Freeport’s Borghol overcomes back issues to make triumphant softball return

Wednesday, April 7, 2021 | 7:33 PM

Maya Borghol hit a home run in a March 23 scrimmage against Kiski Area.

The trip around the bases, the Freeport senior center fielder said, was confirmation the power she displayed during a breakout freshman season still was there.

Lingering issues after back surgery in 2018 took away most of her sophomore year. Then, uncertainty over wanting to continue with high school softball and the covid cancellation of the 2020 season kept her away.

But Borghol is back and hoping to make an impact for the Yellowjackets, who are 1-2 overall after Wednesday’s 9-8 loss at Mars.

“I didn’t think I still had the power I did before the surgery,” said Borghol, who went 2 for 3 with two singles and an RBI in Wednesday’s game. She also drew a walk.

“I wasn’t sure if I was going to be able to hit a home run again. It gave me great confidence to know that I could.”

“This team has a lot of potential to be really good this year. It all comes down to communication and working together. We are seeing a lot of good things, but there is still room to grow. That is what makes it fun.”

Borghol batted .405 as a freshman, leading Freeport with eight stolen bases and finishing second on the team with three home runs and third with 14 RBIs. She helped the Yellowjackets to a 13-2 record, the Section 1-3A title and a spot in the WPIAL semifinals.

“I was happy to know my coaches felt I was good enough to play and start right away,” said Borghol, who began playing softball at age 8 when she moved with family to the United States from Lebanon.

“My teammates were really welcoming to me. It really gave me a boost of confidence.”

Borghol said her welcome-to-varsity moment as a freshman came in hitting a home run against Deer Lakes that helped propelled the team to a 10-4 victory.

“I had played travel ball before getting into high school and had seen good pitching, but not where I was facing girls two or three years older than me,” Borghol said. “So I wasn’t sure how I would do. It was a good feeling to know I was able to do well right away and help the team.”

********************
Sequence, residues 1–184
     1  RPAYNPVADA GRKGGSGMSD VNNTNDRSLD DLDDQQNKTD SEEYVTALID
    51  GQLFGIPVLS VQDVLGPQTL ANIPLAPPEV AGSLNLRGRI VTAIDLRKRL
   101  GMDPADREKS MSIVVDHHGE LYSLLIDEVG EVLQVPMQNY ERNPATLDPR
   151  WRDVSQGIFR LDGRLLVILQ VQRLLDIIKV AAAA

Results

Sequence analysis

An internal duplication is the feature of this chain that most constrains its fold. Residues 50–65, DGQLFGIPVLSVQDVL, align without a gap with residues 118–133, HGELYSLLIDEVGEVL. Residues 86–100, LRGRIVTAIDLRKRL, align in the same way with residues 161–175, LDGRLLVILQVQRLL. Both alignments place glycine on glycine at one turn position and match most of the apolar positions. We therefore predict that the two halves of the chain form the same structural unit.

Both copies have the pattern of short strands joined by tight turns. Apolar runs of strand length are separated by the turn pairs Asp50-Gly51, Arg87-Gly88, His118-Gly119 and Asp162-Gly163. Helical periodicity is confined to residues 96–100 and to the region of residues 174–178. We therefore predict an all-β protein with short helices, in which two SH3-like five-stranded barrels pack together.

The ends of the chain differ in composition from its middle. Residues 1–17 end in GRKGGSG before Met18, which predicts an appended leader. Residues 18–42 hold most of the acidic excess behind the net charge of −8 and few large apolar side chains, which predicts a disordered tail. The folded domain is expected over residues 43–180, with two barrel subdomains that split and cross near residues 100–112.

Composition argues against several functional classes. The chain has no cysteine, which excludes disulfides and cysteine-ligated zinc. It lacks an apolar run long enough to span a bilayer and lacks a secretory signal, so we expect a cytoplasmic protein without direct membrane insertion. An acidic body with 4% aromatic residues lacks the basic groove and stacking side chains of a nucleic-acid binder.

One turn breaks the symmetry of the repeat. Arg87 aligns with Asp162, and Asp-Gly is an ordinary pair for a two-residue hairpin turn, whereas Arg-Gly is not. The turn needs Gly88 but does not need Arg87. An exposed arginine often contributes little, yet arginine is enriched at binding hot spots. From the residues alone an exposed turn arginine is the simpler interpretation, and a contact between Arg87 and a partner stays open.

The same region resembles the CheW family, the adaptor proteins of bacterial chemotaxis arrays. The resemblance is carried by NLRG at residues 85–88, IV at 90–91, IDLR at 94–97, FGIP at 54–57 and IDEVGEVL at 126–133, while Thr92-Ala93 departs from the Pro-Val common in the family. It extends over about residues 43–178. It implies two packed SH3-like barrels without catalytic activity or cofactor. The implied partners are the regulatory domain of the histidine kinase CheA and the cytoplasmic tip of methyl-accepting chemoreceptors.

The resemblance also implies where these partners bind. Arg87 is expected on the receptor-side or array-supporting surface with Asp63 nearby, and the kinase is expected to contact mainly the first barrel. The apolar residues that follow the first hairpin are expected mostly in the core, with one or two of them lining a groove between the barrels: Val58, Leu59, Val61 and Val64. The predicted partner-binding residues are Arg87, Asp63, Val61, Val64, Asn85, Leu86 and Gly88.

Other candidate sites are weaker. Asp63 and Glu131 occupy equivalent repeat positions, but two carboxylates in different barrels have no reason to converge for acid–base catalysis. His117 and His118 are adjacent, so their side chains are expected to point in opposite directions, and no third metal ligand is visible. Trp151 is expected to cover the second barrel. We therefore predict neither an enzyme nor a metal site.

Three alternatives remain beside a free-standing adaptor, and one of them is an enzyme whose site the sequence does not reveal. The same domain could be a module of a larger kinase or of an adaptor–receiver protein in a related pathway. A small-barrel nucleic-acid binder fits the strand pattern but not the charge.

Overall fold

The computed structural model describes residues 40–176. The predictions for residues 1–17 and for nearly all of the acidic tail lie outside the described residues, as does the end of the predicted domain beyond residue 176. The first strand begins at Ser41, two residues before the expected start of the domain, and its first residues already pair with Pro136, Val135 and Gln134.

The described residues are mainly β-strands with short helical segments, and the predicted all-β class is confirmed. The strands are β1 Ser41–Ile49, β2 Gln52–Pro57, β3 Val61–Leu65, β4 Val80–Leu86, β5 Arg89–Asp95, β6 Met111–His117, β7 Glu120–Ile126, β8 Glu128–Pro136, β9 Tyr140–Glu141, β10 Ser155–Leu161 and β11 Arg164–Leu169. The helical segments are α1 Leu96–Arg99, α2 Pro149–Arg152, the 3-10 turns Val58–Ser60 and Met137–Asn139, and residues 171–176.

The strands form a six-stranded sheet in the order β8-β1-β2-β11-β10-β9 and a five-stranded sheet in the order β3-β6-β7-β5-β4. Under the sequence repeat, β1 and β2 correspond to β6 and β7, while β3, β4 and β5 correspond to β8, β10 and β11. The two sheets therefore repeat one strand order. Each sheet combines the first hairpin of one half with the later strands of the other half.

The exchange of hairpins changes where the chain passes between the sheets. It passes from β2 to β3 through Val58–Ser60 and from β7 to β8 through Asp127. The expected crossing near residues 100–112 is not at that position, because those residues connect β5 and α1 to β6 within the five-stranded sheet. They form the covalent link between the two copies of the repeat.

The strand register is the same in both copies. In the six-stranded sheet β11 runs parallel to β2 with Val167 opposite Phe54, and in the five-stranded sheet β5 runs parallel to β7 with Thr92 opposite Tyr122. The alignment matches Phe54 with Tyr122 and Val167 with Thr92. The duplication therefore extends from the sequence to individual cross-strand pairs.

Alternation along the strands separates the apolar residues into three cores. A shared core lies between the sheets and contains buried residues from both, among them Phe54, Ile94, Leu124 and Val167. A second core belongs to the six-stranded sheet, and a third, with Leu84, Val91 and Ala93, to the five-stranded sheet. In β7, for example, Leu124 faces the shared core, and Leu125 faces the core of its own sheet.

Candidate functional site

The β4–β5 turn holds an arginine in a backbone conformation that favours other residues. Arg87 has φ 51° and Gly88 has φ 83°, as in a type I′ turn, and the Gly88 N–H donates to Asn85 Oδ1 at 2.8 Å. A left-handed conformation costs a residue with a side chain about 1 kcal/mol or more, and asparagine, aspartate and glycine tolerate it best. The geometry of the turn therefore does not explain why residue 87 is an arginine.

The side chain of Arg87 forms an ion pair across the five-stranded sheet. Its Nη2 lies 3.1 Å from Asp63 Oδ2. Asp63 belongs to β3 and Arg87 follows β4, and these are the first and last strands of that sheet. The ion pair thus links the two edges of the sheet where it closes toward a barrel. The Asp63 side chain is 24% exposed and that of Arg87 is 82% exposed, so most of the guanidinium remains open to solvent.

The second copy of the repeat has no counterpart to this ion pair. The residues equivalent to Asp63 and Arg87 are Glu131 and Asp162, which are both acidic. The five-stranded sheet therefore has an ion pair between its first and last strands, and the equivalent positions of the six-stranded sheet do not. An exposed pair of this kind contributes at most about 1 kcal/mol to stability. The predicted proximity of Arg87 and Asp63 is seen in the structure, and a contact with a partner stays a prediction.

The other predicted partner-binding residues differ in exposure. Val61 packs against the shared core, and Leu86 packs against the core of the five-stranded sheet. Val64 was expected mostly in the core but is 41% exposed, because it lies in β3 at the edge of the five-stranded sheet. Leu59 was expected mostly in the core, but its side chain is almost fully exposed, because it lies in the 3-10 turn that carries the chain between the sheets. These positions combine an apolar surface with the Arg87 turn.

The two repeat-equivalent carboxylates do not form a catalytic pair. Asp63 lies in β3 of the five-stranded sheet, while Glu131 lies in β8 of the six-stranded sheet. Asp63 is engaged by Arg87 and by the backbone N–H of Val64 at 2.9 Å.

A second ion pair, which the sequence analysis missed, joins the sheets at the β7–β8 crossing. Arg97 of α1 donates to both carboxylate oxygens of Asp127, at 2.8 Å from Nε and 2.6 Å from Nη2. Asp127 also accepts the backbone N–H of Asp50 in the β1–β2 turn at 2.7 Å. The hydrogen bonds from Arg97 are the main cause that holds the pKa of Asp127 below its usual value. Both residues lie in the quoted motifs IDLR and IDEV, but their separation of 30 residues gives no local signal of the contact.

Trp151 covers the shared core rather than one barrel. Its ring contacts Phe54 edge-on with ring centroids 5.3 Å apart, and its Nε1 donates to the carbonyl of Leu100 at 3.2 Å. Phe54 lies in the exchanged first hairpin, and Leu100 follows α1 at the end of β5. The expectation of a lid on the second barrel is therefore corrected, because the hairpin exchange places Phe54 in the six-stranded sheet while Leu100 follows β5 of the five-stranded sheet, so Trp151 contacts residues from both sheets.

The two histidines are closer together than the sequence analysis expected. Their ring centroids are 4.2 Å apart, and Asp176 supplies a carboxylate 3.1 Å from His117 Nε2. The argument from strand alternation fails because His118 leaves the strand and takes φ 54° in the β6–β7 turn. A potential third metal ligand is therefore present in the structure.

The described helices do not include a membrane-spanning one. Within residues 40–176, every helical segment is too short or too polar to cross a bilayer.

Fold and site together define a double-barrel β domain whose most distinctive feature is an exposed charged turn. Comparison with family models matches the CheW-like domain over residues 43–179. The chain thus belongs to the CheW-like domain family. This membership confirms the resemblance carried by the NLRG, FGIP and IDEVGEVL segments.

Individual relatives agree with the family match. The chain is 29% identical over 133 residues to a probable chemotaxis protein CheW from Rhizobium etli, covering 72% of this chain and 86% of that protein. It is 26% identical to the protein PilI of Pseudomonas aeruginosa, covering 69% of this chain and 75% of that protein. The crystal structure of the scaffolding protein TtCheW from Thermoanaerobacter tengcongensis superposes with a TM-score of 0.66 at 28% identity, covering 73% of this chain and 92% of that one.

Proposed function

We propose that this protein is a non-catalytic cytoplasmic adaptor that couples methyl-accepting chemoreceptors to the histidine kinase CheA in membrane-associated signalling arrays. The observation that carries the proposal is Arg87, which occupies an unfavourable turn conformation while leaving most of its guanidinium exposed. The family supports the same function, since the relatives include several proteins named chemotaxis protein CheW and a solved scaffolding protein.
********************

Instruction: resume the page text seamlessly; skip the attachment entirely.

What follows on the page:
Borghol’s strong freshman year turned into trying time that summer as softball was put on hold.

She suffered a quad strain at an Ohio Outlaws recruiting showcase tournament.

The pain persisted, which led to her pediatric surgeon suggesting an MRI on her back.

That is when Borghol was diagnosed with spondylolisthesis — a slipping of the vertebra — and a herniated disc in her lower back.

Surgery stabilized the issue with screws and two metal rods were inserted into her spine.

Borghol went through extensive rehab and returned for her sophomore year in a pair of scrimmages. However, the pain returned, and she missed most of that season.

“I think I probably came back too soon,” said Borghol, who then was diagnosed with amplified musculoskeletal pain syndrome.

After several weeks of rest and physical therapy, she came back and played in Freeport’s loss to Ellwood City in the first round of the WPIAL Class 3A playoffs.

Because of all the issues with her back, Borghol said she opted not to play last year.

“I thought a lot about my future with softball. It was very frustrating,” Borghol said.

“I was thinking that the pain and discomfort always would be there. I didn’t think I would get over it.”

But she had a change of heart last fall.

“I don’t exactly know what struck me to want to play again, but I did miss playing,” Borghol said. “I got a lot of encouragement from my mom and my teammates. I am 100% happy that I decided to play again.”

She said there was a little bit pain during the first couple of weeks, but she said she is learning how to manage it through additional stretching exercises and knowing when to rest.

“I know my body,” Borghol said. “I know if I hurts whether I actually did something to it or if it’s just that my muscles aren’t used to something. I can tell the difference.”

Veteran Freeport coach Sam Ross said he’s happy to have Borghol playing this season.

“It was great to hear she wanted to come back, and I told her to do what she could do,” he said.

“She is such an asset to the team. The more reps she gets, the more confidence she gets. With surgery like she had and what was done, there’s always that concern with things like sliding into a base, getting hit with a ball or the rotation that comes with swinging the bat. But she seems to be overcoming a lot of that.”

Michael Love is a Tribune-Review Staff Writer. You can contact Michael by email at or via Twitter .


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